Grant helps teachers keep jobs

Published 2:48 pm Wednesday, September 8, 2010

More Austin Public School teachers will keep their jobs thanks to an estimated $1 million dollars in federal aid from the Education Jobs Fund.

According to Mark Stotts, the district’s finance and operations director, Austin Public Schools was notified last week it would receive funding from the Education Jobs Fund, a one-time federal program signed into law in August with the intent of maintaining and creating education jobs for the 2010-11 school year.

The incoming aid helps ease the district’s projected $1 to 1.5 million deficit for next year, acting as an insurance against possible job cuts in the immediate future.

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“We can use that money to pay for staff that otherwise would have been cut from our budget,” Stotts said.

That means that teachers’ salaries that would normally come out of the district’s general fund will be covered by federal aid, which balances the projected budget deficit for next year.

The federal aid assigned to Austin Public Schools is part of $167 million the state of Minnesota applied for from the Education Jobs Fund, which allocated $10 billion in state education assistance. Ninety percent of the money will be divied out this year, with the remaining 10 percent given to the district next year.

While the extra funding is good news for the district, it does create complications in budget projections for several years down the road. The danger in using the money to hire more teachers, according to Stotts, is trying to figure out how to pay these teachers once the money received from one-time grant runs out.

“You’d have to know that you could afford it down the road to keep those people,” Stotts said.

Because the district learned last week about the extra funding, Stotts said there also wasn’t time to consider hiring new teachers for the current school year.

Stotts is quick to caution that this latest federal aid won’t replace the levy up for debate in the Nov. 2 referendum.

The two operating levies, which provide $304.53 per student combined, are among three levies that the district uses. Overall, the three levies equate to $719 of funding per student, or roughly $3.5 million.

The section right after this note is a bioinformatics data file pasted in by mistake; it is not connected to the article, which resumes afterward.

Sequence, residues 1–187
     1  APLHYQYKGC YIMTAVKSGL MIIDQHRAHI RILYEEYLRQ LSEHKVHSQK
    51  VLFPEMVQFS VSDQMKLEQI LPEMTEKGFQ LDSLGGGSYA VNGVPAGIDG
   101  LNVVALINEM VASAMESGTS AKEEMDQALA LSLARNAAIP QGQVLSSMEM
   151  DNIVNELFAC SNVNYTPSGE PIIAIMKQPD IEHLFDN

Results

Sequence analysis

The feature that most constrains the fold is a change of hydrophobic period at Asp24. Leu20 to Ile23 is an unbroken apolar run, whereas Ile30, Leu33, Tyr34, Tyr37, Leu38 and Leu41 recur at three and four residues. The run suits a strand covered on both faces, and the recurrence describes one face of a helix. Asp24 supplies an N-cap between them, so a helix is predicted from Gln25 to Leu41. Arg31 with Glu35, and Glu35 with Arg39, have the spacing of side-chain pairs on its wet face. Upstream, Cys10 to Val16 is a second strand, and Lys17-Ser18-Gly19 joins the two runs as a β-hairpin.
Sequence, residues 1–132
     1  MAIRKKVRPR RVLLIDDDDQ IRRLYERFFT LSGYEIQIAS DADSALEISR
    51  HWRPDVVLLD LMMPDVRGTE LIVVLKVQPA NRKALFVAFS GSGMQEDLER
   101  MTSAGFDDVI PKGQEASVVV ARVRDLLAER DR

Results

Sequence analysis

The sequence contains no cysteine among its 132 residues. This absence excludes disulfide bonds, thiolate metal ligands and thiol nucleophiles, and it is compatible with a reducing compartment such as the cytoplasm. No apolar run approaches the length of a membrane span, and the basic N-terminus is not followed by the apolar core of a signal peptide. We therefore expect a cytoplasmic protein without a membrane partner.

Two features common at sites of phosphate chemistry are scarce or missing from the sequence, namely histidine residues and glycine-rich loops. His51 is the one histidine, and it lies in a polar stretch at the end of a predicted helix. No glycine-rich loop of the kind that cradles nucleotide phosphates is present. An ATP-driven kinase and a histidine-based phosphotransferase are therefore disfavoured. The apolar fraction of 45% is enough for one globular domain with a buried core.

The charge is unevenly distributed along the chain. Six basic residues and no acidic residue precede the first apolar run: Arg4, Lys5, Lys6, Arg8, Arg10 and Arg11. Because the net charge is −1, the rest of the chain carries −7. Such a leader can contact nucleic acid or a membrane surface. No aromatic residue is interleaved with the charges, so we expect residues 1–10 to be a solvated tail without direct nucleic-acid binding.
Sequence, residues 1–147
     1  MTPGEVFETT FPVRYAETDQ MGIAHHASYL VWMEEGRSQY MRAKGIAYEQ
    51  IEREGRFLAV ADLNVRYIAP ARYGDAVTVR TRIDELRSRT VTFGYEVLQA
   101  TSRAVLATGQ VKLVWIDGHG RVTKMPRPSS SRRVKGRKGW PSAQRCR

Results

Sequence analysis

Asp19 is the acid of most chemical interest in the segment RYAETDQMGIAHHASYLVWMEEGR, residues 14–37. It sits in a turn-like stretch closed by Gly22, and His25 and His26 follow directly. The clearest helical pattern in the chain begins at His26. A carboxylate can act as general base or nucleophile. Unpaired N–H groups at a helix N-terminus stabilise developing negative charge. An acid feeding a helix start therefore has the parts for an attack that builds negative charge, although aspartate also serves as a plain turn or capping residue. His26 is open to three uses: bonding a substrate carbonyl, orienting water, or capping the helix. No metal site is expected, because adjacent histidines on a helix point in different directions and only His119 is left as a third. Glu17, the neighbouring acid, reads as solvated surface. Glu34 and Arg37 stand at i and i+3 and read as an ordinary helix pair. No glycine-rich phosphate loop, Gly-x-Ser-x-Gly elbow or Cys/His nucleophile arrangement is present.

The levies, if passed, would provide funds, based on student enrollment, for the next 10 years, allowing the district to better project its budgets. While no new school taxes will be raised if the levies are passed, taxes would decrease if the levy was voted down.

Still, Stotts said, it would end up taking money out of the district’s budget which won’t be replaced by one-shot federal grants. According to Stotts, if the levy was voted down, the district would end up having the same $1 to 1.5 million projected budget deficit for the next school year and beyond, which won’t be replaced by federal aid.

“We’re not actually getting more money from this education jobs bill,” Stotts said. “That’s the problem with one-time money.”

Another dose of stimulus funding

The Education Job Fund aid comes on the heels of last year’s stimulus funding, which included about $1.1 million in special education funds, about $500,000 in Title I funds and about $2.6 million in stabilization funds. While the special education and Title I funds are to be used over a two-year period, the $2.6 million in stimulus funds given to the district was a one-time grant.

The district didn’t really benefit from last year’s stimulus money, according to Stotts, since the state reduced the amount of annual aid given to Austin Public Schools and other school districts based on the amount of federal stimulus dollars each school was granted. Basically, as a way to balance the state budget, the state withheld the same amount of funds the district received from federal stimulus dollars.

“The good thing about this (Education Job Fund) is the state cannot reduce aid or general education revenue to the school district,” Stotts said. “Now we get this money and the state can’t reduce our general education aid.”

Special education programs and funding will remain consistent despite the incoming federal aid, Stotts said, especially since special education programs fluctuate based on the amount of special-needs students in the district. Students in special education programs often have Individualized Education Plans and the district, mandated by federal law, must have the staff to meet those needs. The district then creates and reduces jobs for special education staff based on special-needs students who enter or leave the district.

“It isn’t like class size,” Stotts said. “In class size, we can determine what kind of staff sizes we can live with and determine accordingly.”